The book also suggests adding rituals that are aligned with your values. For instance, if you want to enrich your relationships, make sure you call someone you care about on the way home from work.
From this book I also liked their statement, “Positive energy flows from opportunity, adventure, and challenge.” Negative energy is precipitated by threat, danger, and fears of survival.”
I strongly agree with the philosophies of this book. I still wish to learn visualization techniques as well.
Doug Rice summarized his favorite points from Spin Selling here: http://t.co/LXmf1hY5.
Here are my favorite take always: “Great questions mirror the buying cycle of the customer. The problem with the questioning of the unsuccessful sales rep is that it reflects the sales process rather than the purchasing process. S.P.I.N. stands for “Situation questions,”
“Problem questions,” “Implication questions,” and “Need-payoff questions.” These questions reflect the process a customer goes through when making a purchasing decision. First, they take account of their present situation. Then, they realize that there is a problem is some area. Next, they think about the negative effects the problem could have on their business. Finally, they evaluate the benefits of solutions. Traditional questioning jumps straight to benefits, without even bothering to discover if those “benefits” are relevant to the customer. SPIN selling walks the customer through the purchasing process in a manner with which they are more comfortable…
The successful salespeople highlighted the purpose of the call, gained agreement from the prospect, and simply moved forward.”
(Revised from the missions of Ashraf Chaudhry http://ashrafchaudhryblog.com/daily-mantra-of-a-salesperson/ and Jeffrey Gitomer http://www.gitomer.com/articles/ViewGitbit.html?id=14575). I am also learning coaching from Keith Rosen, and included some of his thoughts from Coaching Salespeople into to Sales Champions.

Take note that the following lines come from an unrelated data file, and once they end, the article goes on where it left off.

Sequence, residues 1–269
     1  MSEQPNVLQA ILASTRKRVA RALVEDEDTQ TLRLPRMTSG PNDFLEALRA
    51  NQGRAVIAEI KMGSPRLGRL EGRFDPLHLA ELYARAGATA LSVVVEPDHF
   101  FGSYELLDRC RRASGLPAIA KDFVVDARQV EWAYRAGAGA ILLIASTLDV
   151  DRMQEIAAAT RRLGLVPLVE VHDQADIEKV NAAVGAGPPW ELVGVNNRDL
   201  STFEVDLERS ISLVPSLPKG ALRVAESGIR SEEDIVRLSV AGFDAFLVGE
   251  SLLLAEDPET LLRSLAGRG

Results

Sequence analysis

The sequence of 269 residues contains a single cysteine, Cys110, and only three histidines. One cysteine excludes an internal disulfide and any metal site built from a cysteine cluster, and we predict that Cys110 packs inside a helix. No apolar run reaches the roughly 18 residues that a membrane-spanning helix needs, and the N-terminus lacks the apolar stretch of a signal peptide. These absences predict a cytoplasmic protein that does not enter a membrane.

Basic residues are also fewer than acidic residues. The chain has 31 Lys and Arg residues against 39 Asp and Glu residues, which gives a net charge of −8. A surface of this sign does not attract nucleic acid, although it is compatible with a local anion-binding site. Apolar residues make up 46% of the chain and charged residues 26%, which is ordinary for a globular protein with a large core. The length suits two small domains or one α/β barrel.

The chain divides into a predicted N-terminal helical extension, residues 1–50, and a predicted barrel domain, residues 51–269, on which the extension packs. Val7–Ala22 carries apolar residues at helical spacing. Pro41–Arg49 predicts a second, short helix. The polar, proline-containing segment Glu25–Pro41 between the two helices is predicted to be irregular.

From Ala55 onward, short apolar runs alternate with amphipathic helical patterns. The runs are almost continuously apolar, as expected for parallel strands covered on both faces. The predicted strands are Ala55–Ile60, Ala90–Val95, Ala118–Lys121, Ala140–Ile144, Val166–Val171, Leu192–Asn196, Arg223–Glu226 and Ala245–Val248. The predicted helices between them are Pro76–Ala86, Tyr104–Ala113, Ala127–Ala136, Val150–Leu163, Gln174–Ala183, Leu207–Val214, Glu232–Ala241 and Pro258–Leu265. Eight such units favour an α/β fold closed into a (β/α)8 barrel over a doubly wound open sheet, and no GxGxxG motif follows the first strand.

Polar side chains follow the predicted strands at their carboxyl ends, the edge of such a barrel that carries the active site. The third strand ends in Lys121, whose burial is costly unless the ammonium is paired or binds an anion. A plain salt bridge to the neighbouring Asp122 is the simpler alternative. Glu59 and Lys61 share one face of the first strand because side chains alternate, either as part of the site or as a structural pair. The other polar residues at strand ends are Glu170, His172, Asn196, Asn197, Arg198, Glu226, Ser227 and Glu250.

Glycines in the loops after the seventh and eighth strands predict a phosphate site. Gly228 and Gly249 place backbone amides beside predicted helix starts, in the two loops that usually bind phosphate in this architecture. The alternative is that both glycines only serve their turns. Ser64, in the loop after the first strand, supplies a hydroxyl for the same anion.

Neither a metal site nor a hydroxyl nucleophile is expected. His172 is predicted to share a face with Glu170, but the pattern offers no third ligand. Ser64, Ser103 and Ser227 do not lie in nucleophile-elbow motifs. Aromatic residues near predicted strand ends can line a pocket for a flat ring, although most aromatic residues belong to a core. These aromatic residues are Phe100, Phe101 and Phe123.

I am thankful to my Almighty that he chose for me the profession of Selling. He chose me to
add value to life of people and to alleviate pains of the people. I promise that I will perform my role without compromising on ethics and values.
Where ever I go, I promise, I will carry a message of optimism, a message of positive values. I will shun negative people. I will shun the gossip groups. I will not waste my major time on minor things. I will rededicate myself daily to be the harbinger of hope and the messenger
of positive thinking.
I promise to be proud of the organization I represent. I am proud of the products and services that I offer to solve the problems of the people. Every moment, every hour, every day, I will consciously make effort to increase and update my knowledge about my products, about my organization and about my industry. Knowledge is power and I will increase my knowledge every day. I will multiply my worth and value by reading books and by getting associated
with people of substance.
From now onward, I promise, I will knock at more doors; I will call on more people, to help them benefit from my offerings. In this process, I may get rejected, but I will not take rejections personally. I promise that I will keep my hopes and morale very high even in the wake of disappointments and frustrations.
I will strive to build quality, long term relationships with my customers and to deal fairly
and honestly with all people and companies I encounter. I will continually endeavor to increase the level of service to my customers. I will help my customers discover the best solutions to their sales, marketing, and management needs by listening, providing information, and performing services to the highest standards of excellence. My expertise will position me to serve with the highest quality plans, strategies, advice, and support.